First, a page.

ROCKWELL COLLINS ACQUISITION

Collins Aerospace HQ decision expected by March

No hints on where it might land

The Rockwell Collins headquarters in Cedar Rapids is shown on Tuesday, Sept. 5, 2017. (Liz Martin/The Gazette)
The Rockwell Collins headquarters in Cedar Rapids is shown on Tuesday, Sept. 5, 2017. (Liz Martin/The Gazette)

Rockwell Collins and United Technologies Corp. likely will decide by the end of March where to base Rockwell’s corporate successor.

Farmington, Conn.-based UTC announced in September it plans to acquire Rockwell for $30 billion, including debt. Under the deal, Rockwell would combine with a UTC division, UTC Aerospace Systems, and form Collins Aerospace Systems.

In a question-and-answer post with employees on its intranet, Rockwell said it expects the headquarters location for Collins Aerospace will be determined by the end of the second quarter of its 2018 fiscal year. Rockwell’s fiscal year runs from Oct. 1 through Sept. 30, meaning its second quarter goes from January through March.

“You may have heard that this would be announced before the end of this calendar year, but we want to make sure we carefully consider all aspects,” the Rockwell Q&A reads.

The Q&A was made public when it was filed with the Securities and Exchange Commission Friday.

The companies have shared little about where the executive offices of Collins Aerospace might land or how many people the decision directly affects. They estimate the acquisition would result in $500 million of “cost synergies.”

Job cuts, Rockwell has said, are mainly expected to hit corporate-level employees.

A spokeswoman for UTC did not answer questions about the headquarters decision, except to say one had not been made.

City officials have said Rockwell and UTC have not asked them to bid on the headquarters location or sought incentives.

“There has still been no request for financial assistance, and as we’ve previously stated, the decision on the division HQ is not being looked at as a ‘competitive’ process between communities, but rather what makes most sense operationally for the organization,” Cedar Rapids Economic Development Manager Jasmine Almoayed said in an email Monday.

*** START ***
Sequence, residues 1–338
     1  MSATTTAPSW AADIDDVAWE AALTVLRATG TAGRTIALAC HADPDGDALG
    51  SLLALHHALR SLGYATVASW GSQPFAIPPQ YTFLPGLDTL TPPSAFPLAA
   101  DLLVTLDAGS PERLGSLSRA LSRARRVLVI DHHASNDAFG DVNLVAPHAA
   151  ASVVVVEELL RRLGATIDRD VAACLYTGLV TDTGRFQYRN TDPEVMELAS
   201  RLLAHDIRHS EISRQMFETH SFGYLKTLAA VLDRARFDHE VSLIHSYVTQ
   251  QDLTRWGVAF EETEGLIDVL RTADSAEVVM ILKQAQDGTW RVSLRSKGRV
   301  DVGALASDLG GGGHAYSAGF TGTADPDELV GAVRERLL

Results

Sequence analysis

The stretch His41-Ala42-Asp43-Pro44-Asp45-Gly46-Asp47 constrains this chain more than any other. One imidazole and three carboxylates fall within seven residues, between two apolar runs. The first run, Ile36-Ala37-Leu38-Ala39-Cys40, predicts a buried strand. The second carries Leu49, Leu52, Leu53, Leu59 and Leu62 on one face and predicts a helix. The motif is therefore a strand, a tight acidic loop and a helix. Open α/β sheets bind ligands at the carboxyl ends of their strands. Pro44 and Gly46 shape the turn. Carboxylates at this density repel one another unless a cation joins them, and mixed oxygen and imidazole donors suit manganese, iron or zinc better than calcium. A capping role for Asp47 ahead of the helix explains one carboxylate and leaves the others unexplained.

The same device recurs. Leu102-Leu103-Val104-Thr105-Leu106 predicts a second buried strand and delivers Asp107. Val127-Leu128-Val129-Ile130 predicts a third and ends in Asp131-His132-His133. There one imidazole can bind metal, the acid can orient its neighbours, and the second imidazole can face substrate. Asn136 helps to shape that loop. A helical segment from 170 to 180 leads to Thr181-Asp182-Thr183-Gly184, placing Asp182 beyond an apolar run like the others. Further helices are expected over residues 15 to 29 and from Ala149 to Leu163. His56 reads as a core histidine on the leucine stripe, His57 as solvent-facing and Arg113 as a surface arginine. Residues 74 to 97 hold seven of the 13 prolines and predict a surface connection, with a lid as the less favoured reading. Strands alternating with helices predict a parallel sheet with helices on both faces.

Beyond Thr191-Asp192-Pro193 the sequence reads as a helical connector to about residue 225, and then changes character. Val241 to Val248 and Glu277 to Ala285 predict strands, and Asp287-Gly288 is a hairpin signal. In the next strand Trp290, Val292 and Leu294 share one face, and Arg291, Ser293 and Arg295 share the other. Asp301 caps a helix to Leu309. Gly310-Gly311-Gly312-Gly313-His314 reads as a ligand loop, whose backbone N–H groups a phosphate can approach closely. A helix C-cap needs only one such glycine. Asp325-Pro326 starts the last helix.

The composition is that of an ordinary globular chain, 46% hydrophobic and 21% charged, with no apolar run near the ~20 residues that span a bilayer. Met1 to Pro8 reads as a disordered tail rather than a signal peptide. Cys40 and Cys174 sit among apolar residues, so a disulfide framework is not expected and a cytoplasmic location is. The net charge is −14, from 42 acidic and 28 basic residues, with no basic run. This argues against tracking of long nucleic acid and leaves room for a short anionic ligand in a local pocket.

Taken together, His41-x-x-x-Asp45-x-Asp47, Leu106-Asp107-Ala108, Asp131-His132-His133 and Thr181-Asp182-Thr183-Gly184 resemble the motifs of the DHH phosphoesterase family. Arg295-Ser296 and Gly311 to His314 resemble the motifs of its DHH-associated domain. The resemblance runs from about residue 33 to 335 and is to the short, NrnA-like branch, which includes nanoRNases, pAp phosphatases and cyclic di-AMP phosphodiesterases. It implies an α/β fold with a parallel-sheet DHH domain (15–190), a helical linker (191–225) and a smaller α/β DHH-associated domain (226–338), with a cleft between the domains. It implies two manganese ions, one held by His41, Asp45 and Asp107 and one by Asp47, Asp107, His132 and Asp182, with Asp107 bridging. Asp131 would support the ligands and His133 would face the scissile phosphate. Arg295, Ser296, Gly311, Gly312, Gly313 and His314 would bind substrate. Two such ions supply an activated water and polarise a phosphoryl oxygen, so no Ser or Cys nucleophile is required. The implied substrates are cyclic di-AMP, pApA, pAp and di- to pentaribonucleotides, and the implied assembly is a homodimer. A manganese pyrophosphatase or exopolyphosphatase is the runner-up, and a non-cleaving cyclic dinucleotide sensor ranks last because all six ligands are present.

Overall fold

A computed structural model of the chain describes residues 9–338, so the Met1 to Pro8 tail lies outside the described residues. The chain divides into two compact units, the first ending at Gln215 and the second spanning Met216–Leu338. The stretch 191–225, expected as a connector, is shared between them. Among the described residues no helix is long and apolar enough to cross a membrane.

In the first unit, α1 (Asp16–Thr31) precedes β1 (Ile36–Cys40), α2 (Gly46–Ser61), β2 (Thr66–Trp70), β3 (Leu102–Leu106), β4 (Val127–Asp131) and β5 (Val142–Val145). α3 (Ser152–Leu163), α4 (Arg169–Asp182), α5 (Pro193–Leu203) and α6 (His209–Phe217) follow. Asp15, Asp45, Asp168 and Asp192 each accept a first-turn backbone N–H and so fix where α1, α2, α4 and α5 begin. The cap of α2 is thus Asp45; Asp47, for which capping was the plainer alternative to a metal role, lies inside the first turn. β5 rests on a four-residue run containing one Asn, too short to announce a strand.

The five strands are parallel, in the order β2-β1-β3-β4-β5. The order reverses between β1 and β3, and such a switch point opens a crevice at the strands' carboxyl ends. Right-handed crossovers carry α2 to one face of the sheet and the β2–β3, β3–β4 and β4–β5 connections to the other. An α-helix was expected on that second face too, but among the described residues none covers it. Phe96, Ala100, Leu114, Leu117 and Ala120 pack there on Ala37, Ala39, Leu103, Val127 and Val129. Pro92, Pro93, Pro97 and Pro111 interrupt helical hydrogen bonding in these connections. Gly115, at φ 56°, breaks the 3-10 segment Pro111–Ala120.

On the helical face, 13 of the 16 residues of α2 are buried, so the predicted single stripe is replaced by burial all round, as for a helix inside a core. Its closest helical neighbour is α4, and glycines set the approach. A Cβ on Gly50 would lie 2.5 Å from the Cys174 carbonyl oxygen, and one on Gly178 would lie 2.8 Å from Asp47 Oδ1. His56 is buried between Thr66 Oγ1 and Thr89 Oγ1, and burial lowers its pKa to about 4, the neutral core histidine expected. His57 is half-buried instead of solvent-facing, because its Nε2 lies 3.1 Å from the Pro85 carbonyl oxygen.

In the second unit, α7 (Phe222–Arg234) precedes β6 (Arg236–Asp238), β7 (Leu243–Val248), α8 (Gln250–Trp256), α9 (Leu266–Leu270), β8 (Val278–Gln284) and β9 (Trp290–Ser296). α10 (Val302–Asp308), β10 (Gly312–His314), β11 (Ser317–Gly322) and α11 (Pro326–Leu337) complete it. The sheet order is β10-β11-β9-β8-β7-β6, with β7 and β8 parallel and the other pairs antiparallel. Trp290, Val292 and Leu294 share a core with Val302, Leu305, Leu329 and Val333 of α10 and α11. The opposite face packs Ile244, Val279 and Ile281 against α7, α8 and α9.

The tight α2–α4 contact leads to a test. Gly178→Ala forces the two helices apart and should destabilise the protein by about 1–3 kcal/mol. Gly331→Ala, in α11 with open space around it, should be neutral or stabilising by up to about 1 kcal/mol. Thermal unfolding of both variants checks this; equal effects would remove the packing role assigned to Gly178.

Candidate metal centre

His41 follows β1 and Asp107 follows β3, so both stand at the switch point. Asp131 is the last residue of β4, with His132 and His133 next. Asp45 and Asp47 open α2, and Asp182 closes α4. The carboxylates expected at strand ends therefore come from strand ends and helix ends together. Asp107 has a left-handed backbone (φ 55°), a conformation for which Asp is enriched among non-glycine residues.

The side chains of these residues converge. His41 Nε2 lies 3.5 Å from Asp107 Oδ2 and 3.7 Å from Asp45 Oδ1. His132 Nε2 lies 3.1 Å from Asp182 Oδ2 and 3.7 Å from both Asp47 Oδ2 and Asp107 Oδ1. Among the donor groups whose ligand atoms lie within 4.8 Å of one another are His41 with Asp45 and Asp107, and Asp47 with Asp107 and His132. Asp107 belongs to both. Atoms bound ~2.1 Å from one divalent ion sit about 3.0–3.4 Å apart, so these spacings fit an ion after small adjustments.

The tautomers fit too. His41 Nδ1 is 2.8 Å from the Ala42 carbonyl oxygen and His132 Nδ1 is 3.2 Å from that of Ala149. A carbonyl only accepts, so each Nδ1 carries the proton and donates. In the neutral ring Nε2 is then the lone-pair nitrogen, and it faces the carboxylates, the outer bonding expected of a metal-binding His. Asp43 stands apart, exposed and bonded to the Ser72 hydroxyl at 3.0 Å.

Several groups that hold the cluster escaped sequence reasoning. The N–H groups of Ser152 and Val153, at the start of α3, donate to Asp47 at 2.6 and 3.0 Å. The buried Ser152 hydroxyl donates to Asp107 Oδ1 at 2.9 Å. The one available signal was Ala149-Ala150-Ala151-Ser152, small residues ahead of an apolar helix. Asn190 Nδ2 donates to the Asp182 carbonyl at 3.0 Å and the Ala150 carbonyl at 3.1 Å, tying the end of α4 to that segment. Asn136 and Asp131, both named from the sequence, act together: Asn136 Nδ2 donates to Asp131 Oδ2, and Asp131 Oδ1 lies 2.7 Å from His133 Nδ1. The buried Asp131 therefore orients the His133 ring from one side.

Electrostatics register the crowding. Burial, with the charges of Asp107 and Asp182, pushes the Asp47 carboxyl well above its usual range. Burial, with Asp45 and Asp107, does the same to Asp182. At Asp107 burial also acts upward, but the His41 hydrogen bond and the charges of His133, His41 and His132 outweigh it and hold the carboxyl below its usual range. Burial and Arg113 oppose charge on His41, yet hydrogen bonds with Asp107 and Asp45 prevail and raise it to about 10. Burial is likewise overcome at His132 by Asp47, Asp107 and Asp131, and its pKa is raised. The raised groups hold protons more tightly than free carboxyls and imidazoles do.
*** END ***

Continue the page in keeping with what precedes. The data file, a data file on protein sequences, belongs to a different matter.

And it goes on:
Almoayed added the March determination date matches what Rockwell has told the city.

City staff have met with Rockwell Chairman, Chief Executive Officer and President Kelly Ortberg to discuss the acquisition, but have held off on discussions with UTC. A meeting with Cedar Rapids’ new mayor is planned after Jan. 1, Almoayed said.

During an editorial board with The Gazette in November, city and economic development leaders acknowledged corporate headquarters are important for Cedar Rapids as they can offer easy access to executives who can make decisions in times of need, such as a flood.

Even so, they argued that company employees, not just executives, are vital for corporate engagement with the city.

“Yes, (local headquarters) are important, but it’s not the be-all and end-all,” Cedar Rapids Metro Economic Alliance Executive Director Doug Neumann said at the time. “It doesn’t mean you’re not a good company if you don’t have a local headquarters here.”

A call to a spokeswoman for the Cedar Rapids Metro Economic Alliance was not returned.

Rockwell Collins is based in Cedar Rapids and is the city’s largest employer. It has about 30,000 employees globally. UTC Aerospace Systems has about 40,000 employees globally and is based in Charlotte, N.C.

Decisions on the organizational structure of Collins Aerospace are also expected by March.

UTC’s acquisition of Rockwell still requires a shareholder vote and regulatory approvals. If it passes those, the deal likely would close between July and September 2018.

Ortberg would lead Collins Aerospace as its CEO. UTC Aerospace President Dave Gitlin would serve as president and chief operating officer.

l Comments: (319) 398-8366; matthew.patane@thegazette.com

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